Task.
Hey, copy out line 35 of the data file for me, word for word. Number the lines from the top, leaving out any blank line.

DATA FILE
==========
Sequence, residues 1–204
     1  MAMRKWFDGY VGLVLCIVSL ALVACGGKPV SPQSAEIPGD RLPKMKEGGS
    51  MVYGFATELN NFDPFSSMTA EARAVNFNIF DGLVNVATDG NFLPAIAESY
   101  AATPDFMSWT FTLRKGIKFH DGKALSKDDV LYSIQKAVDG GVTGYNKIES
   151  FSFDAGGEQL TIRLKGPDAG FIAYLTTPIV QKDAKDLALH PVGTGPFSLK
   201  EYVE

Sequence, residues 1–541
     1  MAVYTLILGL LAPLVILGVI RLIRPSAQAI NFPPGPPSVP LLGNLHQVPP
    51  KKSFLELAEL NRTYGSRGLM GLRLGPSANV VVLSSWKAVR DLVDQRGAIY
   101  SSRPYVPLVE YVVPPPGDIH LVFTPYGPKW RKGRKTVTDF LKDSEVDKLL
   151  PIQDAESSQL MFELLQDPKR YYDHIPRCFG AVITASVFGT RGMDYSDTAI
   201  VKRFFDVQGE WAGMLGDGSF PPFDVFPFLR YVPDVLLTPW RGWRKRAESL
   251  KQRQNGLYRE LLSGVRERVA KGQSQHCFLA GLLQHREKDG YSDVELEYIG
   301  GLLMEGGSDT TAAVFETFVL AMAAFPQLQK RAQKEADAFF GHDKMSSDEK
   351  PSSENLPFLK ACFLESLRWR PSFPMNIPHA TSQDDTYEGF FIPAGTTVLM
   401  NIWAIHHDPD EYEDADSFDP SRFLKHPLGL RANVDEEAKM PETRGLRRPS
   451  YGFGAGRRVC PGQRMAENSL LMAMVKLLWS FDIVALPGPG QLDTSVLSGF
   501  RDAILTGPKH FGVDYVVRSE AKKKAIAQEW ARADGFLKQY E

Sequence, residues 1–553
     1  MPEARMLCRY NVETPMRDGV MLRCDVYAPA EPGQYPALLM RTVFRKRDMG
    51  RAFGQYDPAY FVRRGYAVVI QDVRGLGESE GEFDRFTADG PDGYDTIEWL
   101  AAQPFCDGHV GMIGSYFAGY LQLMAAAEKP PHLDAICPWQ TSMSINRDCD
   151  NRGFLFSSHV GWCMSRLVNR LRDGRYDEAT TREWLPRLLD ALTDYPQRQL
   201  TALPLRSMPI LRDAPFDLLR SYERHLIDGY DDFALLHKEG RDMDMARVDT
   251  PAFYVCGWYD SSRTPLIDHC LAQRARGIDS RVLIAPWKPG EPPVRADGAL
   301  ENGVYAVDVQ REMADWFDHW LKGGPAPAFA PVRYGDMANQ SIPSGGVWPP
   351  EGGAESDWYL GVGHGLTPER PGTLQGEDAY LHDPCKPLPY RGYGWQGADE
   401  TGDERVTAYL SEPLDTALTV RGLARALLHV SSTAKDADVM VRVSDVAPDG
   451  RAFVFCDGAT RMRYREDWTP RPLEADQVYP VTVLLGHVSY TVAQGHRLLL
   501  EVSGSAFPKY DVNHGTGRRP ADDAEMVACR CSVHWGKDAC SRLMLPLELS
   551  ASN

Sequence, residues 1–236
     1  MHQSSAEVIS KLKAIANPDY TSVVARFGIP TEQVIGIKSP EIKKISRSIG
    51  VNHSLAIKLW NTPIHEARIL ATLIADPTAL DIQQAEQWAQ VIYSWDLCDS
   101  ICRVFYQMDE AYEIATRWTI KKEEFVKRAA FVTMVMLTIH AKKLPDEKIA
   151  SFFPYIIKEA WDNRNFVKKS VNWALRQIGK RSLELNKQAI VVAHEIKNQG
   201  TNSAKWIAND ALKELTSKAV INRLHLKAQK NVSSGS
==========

   101  ICRVFYQMDE AYEIATRWTI KKEEFVKRAA FVTMVMLTIH AKKLPDEKIA